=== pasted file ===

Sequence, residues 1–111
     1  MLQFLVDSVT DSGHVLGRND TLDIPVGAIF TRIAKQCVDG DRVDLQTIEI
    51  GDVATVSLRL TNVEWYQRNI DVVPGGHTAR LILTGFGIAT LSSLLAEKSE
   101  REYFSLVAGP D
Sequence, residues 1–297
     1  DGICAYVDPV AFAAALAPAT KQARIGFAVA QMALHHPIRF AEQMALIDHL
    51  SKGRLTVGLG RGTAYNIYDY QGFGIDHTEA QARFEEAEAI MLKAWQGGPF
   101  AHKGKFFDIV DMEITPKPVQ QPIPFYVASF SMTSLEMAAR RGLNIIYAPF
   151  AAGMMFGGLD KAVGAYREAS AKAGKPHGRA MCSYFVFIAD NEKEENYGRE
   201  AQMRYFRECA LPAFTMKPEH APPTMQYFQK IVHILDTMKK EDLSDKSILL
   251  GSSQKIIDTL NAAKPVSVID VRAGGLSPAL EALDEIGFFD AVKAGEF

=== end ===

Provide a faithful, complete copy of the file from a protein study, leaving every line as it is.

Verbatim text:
Sequence, residues 1–111
     1  MLQFLVDSVT DSGHVLGRND TLDIPVGAIF TRIAKQCVDG DRVDLQTIEI
    51  GDVATVSLRL TNVEWYQRNI DVVPGGHTAR LILTGFGIAT LSSLLAEKSE
   101  REYFSLVAGP D
Sequence, residues 1–297
     1  DGICAYVDPV AFAAALAPAT KQARIGFAVA QMALHHPIRF AEQMALIDHL
    51  SKGRLTVGLG RGTAYNIYDY QGFGIDHTEA QARFEEAEAI MLKAWQGGPF
   101  AHKGKFFDIV DMEITPKPVQ QPIPFYVASF SMTSLEMAAR RGLNIIYAPF
   151  AAGMMFGGLD KAVGAYREAS AKAGKPHGRA MCSYFVFIAD NEKEENYGRE
   201  AQMRYFRECA LPAFTMKPEH APPTMQYFQK IVHILDTMKK EDLSDKSILL
   251  GSSQKIIDTL NAAKPVSVID VRAGGLSPAL EALDEIGFFD AVKAGEF